7 personnes ont trouvé cela utile

  • Global
    5 out of 5 stars
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    5 out of 5 stars
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    5 out of 5 stars
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  • Michael
  • 27/06/2014

Great Work

Ann Tusa and John Tusa have created a great piece of work on this subject. If you are a student of this period of history, you need to listen to this book. If you are a student of international law, then listen to this book. If you want to understand this period of history, then listen to this book. Ralph Cosham haunting voice really does justice to this book. This book covers the period, subject and opinions very well. It leaves for dead the movies and documentaries produced on the Nuremberg Trial.

5 personnes ont trouvé cela utile

  • Global
    5 out of 5 stars
  • Interprétation
    5 out of 5 stars
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    5 out of 5 stars
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  • Danielle M Brown
  • 19/05/2016

Nuremberg

I loved this book. I aways wanted to know about the trial s and the audio book told me everything .

4 personnes ont trouvé cela utile

  • Global
    5 out of 5 stars
  • Interprétation
    4 out of 5 stars
  • Histoire
    5 out of 5 stars
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  • Natasha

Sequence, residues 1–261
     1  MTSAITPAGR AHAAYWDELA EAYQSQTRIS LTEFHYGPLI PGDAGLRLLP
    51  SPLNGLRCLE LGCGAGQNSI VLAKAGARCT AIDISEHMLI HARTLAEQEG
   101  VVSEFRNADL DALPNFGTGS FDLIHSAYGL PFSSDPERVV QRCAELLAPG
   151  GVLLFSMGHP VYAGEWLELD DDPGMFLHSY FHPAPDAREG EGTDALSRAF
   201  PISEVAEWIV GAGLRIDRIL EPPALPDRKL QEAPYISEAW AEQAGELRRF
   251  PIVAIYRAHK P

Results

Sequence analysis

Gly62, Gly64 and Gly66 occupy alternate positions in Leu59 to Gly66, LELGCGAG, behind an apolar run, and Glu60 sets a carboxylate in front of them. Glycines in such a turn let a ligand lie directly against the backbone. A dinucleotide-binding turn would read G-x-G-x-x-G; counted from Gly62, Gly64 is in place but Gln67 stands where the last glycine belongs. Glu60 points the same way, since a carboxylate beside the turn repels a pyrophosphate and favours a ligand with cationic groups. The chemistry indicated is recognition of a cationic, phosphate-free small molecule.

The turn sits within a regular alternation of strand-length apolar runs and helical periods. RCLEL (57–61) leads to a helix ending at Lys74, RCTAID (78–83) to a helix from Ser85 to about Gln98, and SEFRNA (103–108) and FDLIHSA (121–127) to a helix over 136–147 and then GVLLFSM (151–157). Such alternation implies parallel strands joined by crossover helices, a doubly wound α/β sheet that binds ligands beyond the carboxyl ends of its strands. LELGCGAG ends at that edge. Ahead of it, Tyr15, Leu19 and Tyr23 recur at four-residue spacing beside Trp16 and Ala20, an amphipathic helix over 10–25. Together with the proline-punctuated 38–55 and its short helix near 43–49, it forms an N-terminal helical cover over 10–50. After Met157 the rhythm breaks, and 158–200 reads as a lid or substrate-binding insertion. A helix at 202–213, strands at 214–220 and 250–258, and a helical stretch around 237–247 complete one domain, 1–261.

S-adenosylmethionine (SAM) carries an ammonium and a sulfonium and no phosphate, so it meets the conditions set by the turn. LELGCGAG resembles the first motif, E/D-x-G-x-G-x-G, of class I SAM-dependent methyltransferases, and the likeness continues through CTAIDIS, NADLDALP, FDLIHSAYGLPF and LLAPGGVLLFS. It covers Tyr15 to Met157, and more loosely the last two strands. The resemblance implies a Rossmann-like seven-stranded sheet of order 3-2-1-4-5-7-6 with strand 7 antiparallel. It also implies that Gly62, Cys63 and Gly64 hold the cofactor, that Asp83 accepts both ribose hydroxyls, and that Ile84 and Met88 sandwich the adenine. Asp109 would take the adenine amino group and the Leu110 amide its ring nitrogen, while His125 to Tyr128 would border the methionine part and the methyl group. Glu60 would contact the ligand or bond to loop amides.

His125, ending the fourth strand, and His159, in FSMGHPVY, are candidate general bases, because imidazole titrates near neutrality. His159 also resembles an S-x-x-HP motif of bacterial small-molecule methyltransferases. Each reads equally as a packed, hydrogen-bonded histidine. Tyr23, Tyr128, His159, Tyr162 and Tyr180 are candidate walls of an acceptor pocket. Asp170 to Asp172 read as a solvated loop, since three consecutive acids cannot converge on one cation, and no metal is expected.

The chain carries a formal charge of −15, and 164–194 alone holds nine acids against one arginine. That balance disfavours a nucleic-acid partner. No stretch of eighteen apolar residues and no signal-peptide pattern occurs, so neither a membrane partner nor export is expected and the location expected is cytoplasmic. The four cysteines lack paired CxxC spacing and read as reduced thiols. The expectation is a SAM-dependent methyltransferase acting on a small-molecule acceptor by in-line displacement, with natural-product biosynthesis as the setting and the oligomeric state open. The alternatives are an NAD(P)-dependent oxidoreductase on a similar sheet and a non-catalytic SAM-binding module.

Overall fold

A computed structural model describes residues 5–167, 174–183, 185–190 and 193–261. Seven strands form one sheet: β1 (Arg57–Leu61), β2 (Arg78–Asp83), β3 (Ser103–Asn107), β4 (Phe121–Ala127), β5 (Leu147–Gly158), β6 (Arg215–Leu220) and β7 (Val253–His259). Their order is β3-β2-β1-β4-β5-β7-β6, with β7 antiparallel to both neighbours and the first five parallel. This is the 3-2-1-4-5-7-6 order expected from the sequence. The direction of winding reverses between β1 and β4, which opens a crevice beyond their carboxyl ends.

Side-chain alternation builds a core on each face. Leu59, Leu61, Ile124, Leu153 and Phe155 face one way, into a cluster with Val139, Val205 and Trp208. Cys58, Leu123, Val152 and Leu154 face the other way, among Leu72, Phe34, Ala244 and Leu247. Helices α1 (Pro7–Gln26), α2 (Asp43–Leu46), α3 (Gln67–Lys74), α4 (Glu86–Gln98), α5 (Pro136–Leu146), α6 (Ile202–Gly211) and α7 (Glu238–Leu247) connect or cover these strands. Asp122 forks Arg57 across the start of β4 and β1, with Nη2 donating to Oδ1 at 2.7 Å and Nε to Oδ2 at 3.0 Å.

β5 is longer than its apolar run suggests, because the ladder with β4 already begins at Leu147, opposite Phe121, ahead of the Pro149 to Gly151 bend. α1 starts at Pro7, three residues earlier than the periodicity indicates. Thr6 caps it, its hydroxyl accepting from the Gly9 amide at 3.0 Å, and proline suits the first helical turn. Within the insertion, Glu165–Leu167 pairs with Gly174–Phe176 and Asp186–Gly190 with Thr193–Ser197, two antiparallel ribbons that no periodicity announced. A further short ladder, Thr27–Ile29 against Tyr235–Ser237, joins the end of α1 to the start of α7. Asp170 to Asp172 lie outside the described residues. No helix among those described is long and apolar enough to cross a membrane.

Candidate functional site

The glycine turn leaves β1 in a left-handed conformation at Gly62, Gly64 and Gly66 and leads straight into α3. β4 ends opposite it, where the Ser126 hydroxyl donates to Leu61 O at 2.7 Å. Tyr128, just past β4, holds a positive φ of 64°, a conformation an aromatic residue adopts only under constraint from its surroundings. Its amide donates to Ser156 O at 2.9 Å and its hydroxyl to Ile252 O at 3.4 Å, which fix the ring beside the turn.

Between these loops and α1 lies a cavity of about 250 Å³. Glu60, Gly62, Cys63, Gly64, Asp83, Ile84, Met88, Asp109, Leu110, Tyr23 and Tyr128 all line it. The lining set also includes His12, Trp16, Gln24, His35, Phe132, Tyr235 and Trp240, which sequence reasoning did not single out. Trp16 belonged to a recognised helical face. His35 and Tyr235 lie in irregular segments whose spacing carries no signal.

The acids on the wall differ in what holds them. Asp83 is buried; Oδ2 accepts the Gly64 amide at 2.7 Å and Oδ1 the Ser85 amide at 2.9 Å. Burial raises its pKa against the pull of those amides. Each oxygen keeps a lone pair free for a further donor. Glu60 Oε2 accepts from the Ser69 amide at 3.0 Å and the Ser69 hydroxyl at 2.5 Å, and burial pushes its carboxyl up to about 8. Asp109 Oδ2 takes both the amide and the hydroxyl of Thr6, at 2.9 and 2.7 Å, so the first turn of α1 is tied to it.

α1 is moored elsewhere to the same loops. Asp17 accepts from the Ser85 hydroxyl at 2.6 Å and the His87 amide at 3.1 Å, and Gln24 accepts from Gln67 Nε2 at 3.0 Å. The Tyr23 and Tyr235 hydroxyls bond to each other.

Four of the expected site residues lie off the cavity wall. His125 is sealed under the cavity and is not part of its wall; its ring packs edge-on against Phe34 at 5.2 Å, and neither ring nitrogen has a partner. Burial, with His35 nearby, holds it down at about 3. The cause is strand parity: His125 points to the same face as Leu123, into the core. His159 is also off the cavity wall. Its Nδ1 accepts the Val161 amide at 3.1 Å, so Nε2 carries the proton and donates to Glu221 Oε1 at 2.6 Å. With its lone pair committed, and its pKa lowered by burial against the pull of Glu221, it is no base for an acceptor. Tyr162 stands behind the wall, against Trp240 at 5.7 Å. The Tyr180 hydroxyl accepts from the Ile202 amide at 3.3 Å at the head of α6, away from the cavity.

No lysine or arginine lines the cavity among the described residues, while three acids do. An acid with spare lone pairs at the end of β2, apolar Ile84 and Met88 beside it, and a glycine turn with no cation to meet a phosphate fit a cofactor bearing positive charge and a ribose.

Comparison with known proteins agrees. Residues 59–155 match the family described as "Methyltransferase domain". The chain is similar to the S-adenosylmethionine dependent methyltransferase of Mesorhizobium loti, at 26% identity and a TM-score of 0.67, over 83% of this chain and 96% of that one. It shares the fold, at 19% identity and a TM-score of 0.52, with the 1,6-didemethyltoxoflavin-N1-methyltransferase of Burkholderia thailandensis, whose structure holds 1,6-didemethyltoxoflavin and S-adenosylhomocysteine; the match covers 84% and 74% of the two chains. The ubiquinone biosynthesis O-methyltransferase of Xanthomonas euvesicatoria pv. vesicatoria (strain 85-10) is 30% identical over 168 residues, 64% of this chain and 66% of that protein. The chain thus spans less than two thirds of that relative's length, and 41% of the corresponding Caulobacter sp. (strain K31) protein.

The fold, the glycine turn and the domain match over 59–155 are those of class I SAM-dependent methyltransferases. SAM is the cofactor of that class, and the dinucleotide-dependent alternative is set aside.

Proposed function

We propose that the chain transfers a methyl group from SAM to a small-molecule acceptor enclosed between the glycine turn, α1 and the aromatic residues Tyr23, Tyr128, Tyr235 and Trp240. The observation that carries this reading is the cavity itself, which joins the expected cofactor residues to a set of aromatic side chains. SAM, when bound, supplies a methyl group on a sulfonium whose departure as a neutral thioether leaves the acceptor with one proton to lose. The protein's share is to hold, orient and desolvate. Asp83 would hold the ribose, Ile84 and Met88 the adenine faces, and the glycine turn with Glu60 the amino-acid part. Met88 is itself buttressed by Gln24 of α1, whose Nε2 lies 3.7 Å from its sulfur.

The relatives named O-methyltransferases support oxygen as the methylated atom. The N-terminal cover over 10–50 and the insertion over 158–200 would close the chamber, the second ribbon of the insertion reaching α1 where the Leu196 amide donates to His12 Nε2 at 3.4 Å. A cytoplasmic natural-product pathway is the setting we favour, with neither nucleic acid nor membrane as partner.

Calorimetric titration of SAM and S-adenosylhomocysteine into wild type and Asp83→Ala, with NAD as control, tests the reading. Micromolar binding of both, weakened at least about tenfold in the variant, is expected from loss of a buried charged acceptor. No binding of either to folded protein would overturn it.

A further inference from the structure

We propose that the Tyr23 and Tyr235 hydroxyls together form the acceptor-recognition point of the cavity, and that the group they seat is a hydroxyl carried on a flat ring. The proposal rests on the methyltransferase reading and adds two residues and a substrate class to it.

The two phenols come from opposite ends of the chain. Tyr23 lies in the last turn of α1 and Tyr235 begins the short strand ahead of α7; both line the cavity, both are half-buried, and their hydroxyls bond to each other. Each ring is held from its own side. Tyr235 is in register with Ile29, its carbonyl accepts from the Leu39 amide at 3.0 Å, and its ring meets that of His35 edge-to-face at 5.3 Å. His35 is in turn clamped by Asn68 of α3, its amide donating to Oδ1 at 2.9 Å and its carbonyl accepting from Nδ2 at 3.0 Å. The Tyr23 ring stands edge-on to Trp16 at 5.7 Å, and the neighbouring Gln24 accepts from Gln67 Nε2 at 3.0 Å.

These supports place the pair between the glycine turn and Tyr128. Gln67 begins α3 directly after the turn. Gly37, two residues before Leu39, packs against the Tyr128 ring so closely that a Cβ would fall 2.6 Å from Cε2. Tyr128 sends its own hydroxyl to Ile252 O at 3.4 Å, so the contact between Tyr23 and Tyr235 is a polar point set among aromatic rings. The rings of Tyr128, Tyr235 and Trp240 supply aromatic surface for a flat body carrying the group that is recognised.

• 13/02/2018

Outstanding

I expected this to be a laborious summary of the proof and arguments offered at trial. Instead, it offers a tremendous amount of insight regarding the issues, practical and legal, as well as behind the scenes. The performance is typically aristocratic English with only one criticism. Every proper name beginning with a consonant followed by a short vowel and found at the beginning of a sentence was subconsciously preceded by an audible “huh”. (Ex. huh-Jackson, huh-Maxwell-Fyfe, etc.)

3 personnes ont trouvé cela utile

  • Global
    5 out of 5 stars
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    4 out of 5 stars
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    5 out of 5 stars
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  • Kerry
  • 28/05/2019

A Rare "Page-Turner"

One important way that I judge a book is by the garage factor. that's the amount of time I spend in the garage listening to it instead of going into the house to be with the family. I've really enjoyed getting into history books and have enjoyed many of them, but rarely do they have a very high garage factor. Until now.

While it occasionally gets mired in details, enough to let me mind wander, this book held my rapt attention for basically the entire runtime, and has inspired me to dive into a deep study of the trial and the principles behind it.

My biggest complaints is just that the narrator - while a master of pacing and inflection - has the extremely distracting habit of putting an "ah" sound in front of words that start with a consonant. occasionally just annoying, this tendency occasionally required a quick rewind because it could lead to misunderstandings. Overall, a relatively small complaint for such an enjoyable book.

2 personnes ont trouvé cela utile

  • Global
    2 out of 5 stars
  • Interprétation
    1 out of 5 stars
  • Histoire
    2 out of 5 stars
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  • Amazon Customer
  • 06/02/2019

Major Disappointment

Having just toured Nuremberg, I was excited to hear this account. With as much documentation the Tulas had at their disposal why did the write events like a laundry list? Instead of writing the dialogue they described in general terms what was said. It would have been much more dynamic. The narrator sounded like he was calling a golf match. The whole thing was awful. I skipped a lot hoping it would get better. Nope. Never did.

2 personnes ont trouvé cela utile